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Stivarga for treatment of metastatic colorectal cancer

Stivarga is an anticancer medicine that contains the active substance Regorafenib. It is used to treat metastatic colorectal cancer in adults who have already been treated with, or who cannot be given, other available treatments.

Stivarga is available as tablets ( 40 mg ). It is taken in 4-week treatment cycles at a recommended starting dose of 160 mg once every day for three weeks, followed by a week off. Doses should be taken at the same time each day with a light meal. Treatment should continue for as long as possible, until the disease worsens or the side effects become too severe. Treatment may need to be interrupted or stopped, or the dose reduced, if the patient experiences certain side effects.

The active substance in Stivarga, Regorafenib, is a protein kinase inhibitor. This means that it blocks several enzymes that are important for the development of a blood supply to tumours and the growth and development of cancer cells. By blocking the action of these enzymes, Stivarga helps to restrict the growth and spread of the cancer.

Stivarga has been studied in one main study involving 760 patients with metastatic colorectal cancer which had progressed after standard therapy. The study compared Stivarga with placebo and the main measure of effectiveness was overall survival. All patients also received supportive care, including pain medicines and treatment for infections and low blood-cell counts. The study showed that Stivarga improved survival, with treated patients living for 196 days on average, compared with 151 days for those given placebo.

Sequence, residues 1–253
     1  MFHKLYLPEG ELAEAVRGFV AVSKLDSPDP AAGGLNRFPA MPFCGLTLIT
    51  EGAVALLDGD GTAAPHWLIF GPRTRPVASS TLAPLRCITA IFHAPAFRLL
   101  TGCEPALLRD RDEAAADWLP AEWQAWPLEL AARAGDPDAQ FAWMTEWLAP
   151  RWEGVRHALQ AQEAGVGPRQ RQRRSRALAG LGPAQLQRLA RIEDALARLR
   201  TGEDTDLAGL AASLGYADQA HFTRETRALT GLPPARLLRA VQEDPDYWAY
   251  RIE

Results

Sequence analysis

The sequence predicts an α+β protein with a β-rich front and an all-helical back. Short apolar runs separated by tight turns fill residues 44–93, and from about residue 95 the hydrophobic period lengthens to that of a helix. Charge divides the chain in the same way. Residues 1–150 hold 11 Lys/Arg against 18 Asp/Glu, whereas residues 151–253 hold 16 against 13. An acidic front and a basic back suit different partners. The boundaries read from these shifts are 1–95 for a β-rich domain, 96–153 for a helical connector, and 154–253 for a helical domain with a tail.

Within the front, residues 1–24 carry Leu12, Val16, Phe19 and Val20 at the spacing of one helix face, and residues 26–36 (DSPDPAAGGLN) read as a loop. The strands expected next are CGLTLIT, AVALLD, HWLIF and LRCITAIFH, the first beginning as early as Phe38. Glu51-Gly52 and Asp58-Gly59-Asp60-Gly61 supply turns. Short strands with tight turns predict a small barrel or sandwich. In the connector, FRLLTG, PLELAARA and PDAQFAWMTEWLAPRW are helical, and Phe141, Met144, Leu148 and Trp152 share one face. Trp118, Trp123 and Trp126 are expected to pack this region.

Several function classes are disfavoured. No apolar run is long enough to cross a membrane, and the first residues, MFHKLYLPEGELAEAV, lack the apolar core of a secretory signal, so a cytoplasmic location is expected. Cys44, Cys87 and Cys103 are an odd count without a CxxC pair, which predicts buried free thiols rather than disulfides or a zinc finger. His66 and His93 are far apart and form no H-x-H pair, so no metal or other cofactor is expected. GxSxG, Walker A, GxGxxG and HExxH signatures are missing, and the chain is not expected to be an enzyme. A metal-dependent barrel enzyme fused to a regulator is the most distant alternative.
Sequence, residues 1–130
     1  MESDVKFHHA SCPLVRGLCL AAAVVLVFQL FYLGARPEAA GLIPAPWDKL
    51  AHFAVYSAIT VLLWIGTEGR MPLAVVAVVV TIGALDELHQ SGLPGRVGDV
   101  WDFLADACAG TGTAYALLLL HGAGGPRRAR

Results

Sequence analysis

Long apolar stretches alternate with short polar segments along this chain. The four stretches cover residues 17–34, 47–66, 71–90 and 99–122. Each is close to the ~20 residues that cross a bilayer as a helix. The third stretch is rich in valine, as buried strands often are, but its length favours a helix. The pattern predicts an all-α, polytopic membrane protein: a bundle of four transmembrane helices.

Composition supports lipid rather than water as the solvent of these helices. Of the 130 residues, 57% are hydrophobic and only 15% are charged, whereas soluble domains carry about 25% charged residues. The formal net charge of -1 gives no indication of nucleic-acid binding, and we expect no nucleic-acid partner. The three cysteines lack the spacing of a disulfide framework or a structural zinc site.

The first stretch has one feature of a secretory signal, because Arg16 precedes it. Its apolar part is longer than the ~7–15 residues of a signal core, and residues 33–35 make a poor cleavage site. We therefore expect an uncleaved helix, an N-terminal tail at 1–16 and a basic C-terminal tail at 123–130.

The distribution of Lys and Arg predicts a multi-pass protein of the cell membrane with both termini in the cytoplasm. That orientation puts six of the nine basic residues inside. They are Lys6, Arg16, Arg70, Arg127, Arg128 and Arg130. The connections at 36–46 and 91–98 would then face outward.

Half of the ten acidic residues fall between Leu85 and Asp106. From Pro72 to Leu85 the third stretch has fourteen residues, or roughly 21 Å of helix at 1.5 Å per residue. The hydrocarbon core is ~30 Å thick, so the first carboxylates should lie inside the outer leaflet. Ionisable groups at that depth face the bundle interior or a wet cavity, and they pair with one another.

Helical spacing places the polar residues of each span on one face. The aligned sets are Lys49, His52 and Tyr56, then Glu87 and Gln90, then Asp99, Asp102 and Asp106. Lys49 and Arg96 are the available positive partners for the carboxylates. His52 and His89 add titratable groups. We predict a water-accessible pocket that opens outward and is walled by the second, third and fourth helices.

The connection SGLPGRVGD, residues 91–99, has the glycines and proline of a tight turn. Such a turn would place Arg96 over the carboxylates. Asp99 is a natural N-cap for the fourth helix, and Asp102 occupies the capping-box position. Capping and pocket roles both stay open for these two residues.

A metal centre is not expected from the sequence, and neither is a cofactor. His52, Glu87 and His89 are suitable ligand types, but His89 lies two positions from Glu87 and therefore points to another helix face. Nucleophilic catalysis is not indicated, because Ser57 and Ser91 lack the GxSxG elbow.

The most common side effects with Stivarga ( which may affect more than 3 in 10 people ) are weakness, tiredness, loss of appetite and eating less, hand-foot syndrome ( rash and numbness affecting the palms and soles ), diarrhoea, weight loss, infection, hypertension and dysphonia. The most serious side effects are severe liver injury, bleeding and gastrointestinal perforation.

The Agency’s Committee for Medicinal Products for Human Use ( CHMP ) decided that Stivarga’s benefits are greater than its risks and recommended that it be approved for use in the European Union ( EU ). The Committee noted that the benefits in terms of extending patient survival were modest, but considered that they outweighed the risks in patients for whom there are no other remaining treatment options. However, given the side effects, the CHMP considered it important to find ways to identify any subgroups of patients who are more likely to respond to Stivarga. ( Xagena )

Source : European Medicines Agency ( EMA ), 2013